Exmouth has long been associated with the Royal Marines due to its training centre at Lympstone, which has trained thousands of marines and officers over many years. But just who are the Royal Marines and where and how did they come about?

The Royal Marines are part of the Royal Navy and are 'the elite amphibious force that are held in high readiness for worldwide rapid response and threat neutralisation'.

The modern day Royal Marines really came about in 1939 at the outbreak of WWII and initially training was carried out at Commando School RM Bickleigh, near Plymouth. In 1940 a depot was established at Exton and it saw the first of what was to become thousands of marines arrive for training. On 5 September 1941 this was officially renamed Depot RM Lympstone. During the second world war it was training up to 800 recruits a month. During this time a second camp was set up at Dalditch on Woodbury Common and was known as RM Infantry Training Centre (RMITC) which was responsible for the second phase of training.

In 1943 training was extended from six to eight weeks and in 1944 to eighteen weeks. During the 1960s the majority of all aspects of the Corps training transferred to Lympstone. New accommodation blocks opened in July 1963 and in 1970 the camp formally became known as Commando Training Centre Royal Marines (CTCRM). It trains all officers, NCOs, recruits and reserves on this site. During the 1970s work continued to bring the site up to be a centre of military excellence with a pool, gymnasium, medical centre, lecture rooms and indoor shooting range. It even got its own station on the Exeter to Exmouth railway line called Lympstone Commando. It however still retains one of the original wooden huts from WWII as a mark of respect to the pioneers of that time at Lympstone.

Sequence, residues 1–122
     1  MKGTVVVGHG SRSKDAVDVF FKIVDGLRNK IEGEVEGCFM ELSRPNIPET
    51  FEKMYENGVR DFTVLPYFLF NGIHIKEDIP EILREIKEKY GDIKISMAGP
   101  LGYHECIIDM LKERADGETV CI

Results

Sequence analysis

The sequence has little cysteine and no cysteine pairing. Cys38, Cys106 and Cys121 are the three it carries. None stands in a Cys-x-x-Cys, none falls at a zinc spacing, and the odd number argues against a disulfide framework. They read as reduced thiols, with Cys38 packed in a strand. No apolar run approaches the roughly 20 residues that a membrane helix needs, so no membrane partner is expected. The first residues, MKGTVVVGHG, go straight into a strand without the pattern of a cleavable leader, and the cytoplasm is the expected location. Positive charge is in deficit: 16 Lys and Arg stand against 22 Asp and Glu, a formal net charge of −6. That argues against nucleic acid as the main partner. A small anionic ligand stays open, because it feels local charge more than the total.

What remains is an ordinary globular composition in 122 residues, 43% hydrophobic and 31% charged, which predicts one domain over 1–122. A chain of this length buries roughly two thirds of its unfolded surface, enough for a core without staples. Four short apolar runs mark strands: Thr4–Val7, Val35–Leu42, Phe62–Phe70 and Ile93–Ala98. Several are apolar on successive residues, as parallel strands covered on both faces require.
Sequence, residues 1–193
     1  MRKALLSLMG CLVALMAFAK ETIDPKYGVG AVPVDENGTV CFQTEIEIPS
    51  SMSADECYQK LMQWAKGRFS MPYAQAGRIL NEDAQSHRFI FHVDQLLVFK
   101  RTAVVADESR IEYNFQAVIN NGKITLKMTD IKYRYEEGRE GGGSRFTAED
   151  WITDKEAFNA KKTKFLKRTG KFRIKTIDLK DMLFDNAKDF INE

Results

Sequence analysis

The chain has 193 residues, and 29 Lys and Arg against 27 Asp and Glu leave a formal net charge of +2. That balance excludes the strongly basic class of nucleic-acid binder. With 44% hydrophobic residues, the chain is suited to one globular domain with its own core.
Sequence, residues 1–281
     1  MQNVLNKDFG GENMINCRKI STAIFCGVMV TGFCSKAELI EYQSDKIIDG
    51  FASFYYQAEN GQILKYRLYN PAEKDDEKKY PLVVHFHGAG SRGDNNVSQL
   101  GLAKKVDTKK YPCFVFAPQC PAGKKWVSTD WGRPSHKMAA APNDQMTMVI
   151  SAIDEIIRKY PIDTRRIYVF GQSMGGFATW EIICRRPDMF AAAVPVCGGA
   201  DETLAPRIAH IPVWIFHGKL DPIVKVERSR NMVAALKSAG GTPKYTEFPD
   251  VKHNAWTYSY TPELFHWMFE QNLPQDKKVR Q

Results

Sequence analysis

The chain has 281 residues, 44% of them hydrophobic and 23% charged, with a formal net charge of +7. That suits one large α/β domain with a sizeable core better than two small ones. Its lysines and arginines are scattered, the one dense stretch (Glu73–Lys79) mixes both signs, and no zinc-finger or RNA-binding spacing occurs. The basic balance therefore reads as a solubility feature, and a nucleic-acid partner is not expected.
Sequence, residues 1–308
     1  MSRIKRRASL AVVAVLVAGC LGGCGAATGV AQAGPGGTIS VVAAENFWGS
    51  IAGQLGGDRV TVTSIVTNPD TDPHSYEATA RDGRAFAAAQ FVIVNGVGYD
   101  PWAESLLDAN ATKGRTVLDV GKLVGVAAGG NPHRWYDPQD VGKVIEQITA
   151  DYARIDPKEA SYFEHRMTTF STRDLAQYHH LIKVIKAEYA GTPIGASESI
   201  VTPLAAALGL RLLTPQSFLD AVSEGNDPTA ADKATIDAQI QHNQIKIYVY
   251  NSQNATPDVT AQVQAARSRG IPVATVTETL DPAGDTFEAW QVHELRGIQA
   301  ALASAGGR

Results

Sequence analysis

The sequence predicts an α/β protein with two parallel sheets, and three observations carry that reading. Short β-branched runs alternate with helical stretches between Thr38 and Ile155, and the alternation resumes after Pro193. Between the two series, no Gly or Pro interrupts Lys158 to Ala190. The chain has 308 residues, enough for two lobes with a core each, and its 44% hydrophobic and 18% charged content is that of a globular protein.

Today it caters for all aspects of new entrants training and for continuation courses. To say the training is rigorous would be an understatement! It lasts for 32 weeks and in that time all recruits would have been severely tested in every way possible. Much of the training takes place on Woodbury Common and Dartmoor and a lot of it at night. This culminates in what is called the '4 Commando Tests' which must be completed within a seven-day period. They comprise firstly a nine-mile speed march carrying full fighting order to be completed in 90 minutes, which equates to 10 minutes per mile. The second test is a six-mile endurance course run across rough terrain on Woodbury Common which includes an underwater culvert. The course ends with a four-mile run back to Lympstone and then the recruit must undergo a marksman test where the target must be hit at least six times accurately.  Next comes the Tarzan Assault Course which includes a slide from a great height and a 30-foot vertical wall climbed with a rope – all this to be done in full fighting order within 13 minutes (12 for officer recruits). The final test is the 30-miler across Dartmoor in full fighting order plus additional safety equipment following a trained Royal Marine. It must be completed in eight hours (seven for officer recruits who must navigate the route themselves) If anyone has failed any of the four tests they are permitted to retake them up until the expiry of the seven-day window, If after this time the four tests are not completed satisfactorily then the recruit will fail to become a Royal Marine. Those that succeed are awarded their 'Green Beret'.

But what next after this punishing 32 weeks? Read next week to find out……

If you would like to find out more about Exmouth Museum please visit www.exmouthmuseum.co.uk or email Mike at exmouthmuseum@gmail.com